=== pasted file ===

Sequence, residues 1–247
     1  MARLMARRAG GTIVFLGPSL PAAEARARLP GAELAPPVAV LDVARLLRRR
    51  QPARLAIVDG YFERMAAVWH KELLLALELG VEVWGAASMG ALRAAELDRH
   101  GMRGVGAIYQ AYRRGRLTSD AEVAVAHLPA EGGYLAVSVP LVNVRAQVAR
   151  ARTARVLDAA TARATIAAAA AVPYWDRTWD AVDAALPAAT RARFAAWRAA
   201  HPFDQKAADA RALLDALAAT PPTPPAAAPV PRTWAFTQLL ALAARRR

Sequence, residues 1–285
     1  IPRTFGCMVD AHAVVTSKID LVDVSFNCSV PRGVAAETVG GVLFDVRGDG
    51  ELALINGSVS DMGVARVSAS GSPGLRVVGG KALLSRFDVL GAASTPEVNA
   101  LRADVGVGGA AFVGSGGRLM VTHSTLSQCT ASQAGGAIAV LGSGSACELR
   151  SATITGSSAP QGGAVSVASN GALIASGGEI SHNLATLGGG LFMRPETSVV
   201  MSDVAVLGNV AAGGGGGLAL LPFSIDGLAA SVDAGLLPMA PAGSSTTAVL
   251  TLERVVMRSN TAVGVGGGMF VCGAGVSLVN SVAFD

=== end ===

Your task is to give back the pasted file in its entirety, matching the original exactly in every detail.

Sequence, residues 1–247
     1  MARLMARRAG GTIVFLGPSL PAAEARARLP GAELAPPVAV LDVARLLRRR
    51  QPARLAIVDG YFERMAAVWH KELLLALELG VEVWGAASMG ALRAAELDRH
   101  GMRGVGAIYQ AYRRGRLTSD AEVAVAHLPA EGGYLAVSVP LVNVRAQVAR
   151  ARTARVLDAA TARATIAAAA AVPYWDRTWD AVDAALPAAT RARFAAWRAA
   201  HPFDQKAADA RALLDALAAT PPTPPAAAPV PRTWAFTQLL ALAARRR

Sequence, residues 1–285
     1  IPRTFGCMVD AHAVVTSKID LVDVSFNCSV PRGVAAETVG GVLFDVRGDG
    51  ELALINGSVS DMGVARVSAS GSPGLRVVGG KALLSRFDVL GAASTPEVNA
   101  LRADVGVGGA AFVGSGGRLM VTHSTLSQCT ASQAGGAIAV LGSGSACELR
   151  SATITGSSAP QGGAVSVASN GALIASGGEI SHNLATLGGG LFMRPETSVV
   201  MSDVAVLGNV AAGGGGGLAL LPFSIDGLAA SVDAGLLPMA PAGSSTTAVL
   251  TLERVVMRSN TAVGVGGGMF VCGAGVSLVN SVAFD